24. I made these as a present for Christmas and they absolutely loved them! ( I did of course sample some for quality assurance…of course!) Great recipe and will definitely be making these again very soon.

  25. So my marshmallows tasted great! However, they were not that white at all. Do you think it’s b/c I used a different brand of gelatin? I used the Now brand. I also was low on honey and so about a 1/4c of the sweetener was brown rice syrup (which is the same color as honey, so I didn’t think it would affect it…).

  26. I made peppermint marshmallows using the “traditional” corn syrup and sugar plus crushed candy canes. They looked beautiful but were super sticky, like I thought marshmallows should be. However, when I made these marshmallows, I used toasted coconut and coconut flavoring and the honey as the sweetener. These were not sticky at all! I had a hard time trying to get the toasted coconut to stick to the marshmallows!! I was worried that they would stick together in the goodie bags, but they didn’t! Great recipe. I think I will try pumpkin spice ones next, or gingerbread.

  27. These are on the counter firming up right now. I could not get it to reach 240, the highest I got was about 229. I let it boil for a while and I was worried it would boil too long so I took it off. I was worried they would be brown because of the initial color but by the time they whipped up they were nice and fluffy white. Cannot wait to try them!

    This was my test batch as I plan to make some later in the week to pipe onto cupcakes for my son’s class. I did taste the fluff before putting it in the pan, delicious!

        • (stevia based) basic vanilla marshmallows

          makes: depends on how big or small you cut marshmallow slices

          Ingredients:

          1 1/2 cups water
          3/4 tsp liquid stevia
          3 tablespoons gelatin (beef grass-fed based)
          1 teaspoon vanilla extract
          1/4-1/2 teaspoon vanilla bean (optional we used it for the little specs of vanilla bean in marshmallows)
          Directions:

          Place the 3 tbsp gelatin into the bowl of a stand mixer along with 1/2 cup water. Mix together. Let sit for 5-10 minutes. Have the whisk attachment standing by. **you could use a hand mixer for this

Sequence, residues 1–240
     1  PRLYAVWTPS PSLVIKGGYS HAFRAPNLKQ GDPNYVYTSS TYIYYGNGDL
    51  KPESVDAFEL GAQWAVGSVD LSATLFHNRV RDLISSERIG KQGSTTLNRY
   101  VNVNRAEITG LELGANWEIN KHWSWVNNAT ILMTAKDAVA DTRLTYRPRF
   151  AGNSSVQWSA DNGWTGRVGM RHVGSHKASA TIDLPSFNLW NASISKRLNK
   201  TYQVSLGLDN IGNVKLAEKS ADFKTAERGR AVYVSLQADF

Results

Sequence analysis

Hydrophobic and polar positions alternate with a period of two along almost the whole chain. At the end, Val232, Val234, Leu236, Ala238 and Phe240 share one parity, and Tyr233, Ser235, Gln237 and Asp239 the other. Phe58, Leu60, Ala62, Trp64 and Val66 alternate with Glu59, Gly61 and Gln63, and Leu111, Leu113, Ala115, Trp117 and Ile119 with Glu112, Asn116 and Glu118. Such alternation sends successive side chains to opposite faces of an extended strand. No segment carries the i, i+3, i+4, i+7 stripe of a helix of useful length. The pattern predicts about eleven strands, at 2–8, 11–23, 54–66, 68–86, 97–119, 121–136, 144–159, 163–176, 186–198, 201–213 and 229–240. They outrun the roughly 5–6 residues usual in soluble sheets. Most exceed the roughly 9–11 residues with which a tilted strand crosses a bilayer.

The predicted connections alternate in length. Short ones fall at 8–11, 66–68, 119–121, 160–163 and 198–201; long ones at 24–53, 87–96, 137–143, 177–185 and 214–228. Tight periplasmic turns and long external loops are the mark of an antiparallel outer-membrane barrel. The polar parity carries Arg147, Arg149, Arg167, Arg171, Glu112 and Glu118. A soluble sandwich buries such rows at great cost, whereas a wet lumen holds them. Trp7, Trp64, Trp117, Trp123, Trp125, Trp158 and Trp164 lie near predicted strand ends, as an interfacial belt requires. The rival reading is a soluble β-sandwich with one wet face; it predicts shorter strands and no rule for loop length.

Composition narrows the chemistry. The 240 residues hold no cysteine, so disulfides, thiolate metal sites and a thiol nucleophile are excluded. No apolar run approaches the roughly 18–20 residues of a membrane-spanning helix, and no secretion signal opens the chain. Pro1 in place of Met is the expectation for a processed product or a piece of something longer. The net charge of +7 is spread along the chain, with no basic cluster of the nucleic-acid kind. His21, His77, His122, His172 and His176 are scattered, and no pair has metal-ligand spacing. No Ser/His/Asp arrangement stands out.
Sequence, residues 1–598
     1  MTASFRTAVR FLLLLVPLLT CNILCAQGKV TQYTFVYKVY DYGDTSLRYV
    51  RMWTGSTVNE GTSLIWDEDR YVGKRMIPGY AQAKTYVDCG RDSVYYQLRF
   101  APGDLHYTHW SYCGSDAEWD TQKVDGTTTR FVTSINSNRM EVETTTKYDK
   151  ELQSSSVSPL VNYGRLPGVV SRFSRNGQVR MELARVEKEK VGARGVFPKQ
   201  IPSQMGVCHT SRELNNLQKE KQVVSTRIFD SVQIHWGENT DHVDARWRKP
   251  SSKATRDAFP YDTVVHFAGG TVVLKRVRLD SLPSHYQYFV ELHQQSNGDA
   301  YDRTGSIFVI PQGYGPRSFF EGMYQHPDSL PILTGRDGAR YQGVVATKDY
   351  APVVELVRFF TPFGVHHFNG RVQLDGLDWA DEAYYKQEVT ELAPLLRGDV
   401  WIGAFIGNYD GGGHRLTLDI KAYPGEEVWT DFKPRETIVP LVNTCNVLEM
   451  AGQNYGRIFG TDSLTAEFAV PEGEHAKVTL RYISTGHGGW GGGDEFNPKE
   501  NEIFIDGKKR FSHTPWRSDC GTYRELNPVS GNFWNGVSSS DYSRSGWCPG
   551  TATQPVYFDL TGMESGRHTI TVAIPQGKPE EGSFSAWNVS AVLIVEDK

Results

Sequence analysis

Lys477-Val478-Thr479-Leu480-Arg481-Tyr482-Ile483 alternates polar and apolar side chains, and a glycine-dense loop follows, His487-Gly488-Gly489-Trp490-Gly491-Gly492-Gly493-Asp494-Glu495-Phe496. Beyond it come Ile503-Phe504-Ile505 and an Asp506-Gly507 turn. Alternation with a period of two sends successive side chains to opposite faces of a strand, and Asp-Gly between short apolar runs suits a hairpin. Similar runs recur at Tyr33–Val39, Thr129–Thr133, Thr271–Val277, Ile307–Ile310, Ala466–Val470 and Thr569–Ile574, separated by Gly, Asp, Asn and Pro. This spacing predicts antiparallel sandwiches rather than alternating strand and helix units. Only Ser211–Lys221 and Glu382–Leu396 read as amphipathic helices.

Next step you can do in a small saucepan , heat up 1 cup water over medium high heat or heat up the 1 cup water in the microwave. Basically you are looking for just about boiling water. Begin to heat the water. Once the water reaches just about boil temperature immediately remove from the heat.

          Turn the mixer on low speed and, while running, slowly pour the hot water down the side of the bowl into the gelatin mixture. Once you have added all of the water, add in vanilla extract and vanilla bean powder and liquid stevia, and increase the speed to medium-high. Beat at medium-high for 1-2 minutes than increase speed to high. Continue to whip until the mixture becomes slightly thick, approximately 10 to 13 minutes.

          While the mixture is whipping prepare the pans as follows.

          We used a bread loaf pan. You can use anything you like. Lightly grease your pan with some coconut oil (which is what we do). You could put done wax paper instead if you wanted.

          Once your marshmallow mixture is starting to look like it has some body to it (almost forming peaks), pour the mixture into the prepared pan, using a spatula for spreading. Allow the marshmallows to sit uncovered for at least 4-5 hours.

          Once marshmallows have set for a few hours you can start to cut into desired shapes using a sharp knife. Store in an airtight container. We store our sugar-free marshmallows in the refrigerator.

          ** for those that do not want to use gelatin – you can try agar agar – 3/4 tsp – 1 tsp

          • Matt, have you found that these come out tasting delicious? Do you think children would like them, even kids used to store-bought marshmallows?

            I’d be using fish gelatin. Do you think that would work?

            Thanks for posting,
            Zehava

  28. Well, my dear, love your website and all the great ideas, recipes, and info. Wonder if there’s anything i can sub for the gelatin as I’m vegan (probably not but) just thought I’d ask!! May God continue to bless you and yours, Mommy.:)

  29. I was wondering if anyone else had a horrible smell when making these. they turned out great but the smell is overpowering and they taste a little bit like a cow hide 🙂 I’m wondering if I am just not used to real gelatin 🙂

  30. Thank you so much for this recipe, it looks so yummy and I want to make it. I have a doubt as I’ve read so many times that honey shouldn’t be heated because it becomes toxic so if we are trying to eat healthier, I’m not sure it’s a good idea to heat the honey to such a high level of heat but then I really don’t know, we read so many things on the web so I wonder if there is anybody who has good information regarding using honey at this level of heat. thank you

  31. Antonieta, heating honey does not make it toxic. It DOES destroy the beneficial enzymes present in raw honey so you lose some of the nutritional content but you will not get sick. People the world over put honey in hot tea with no ill effects.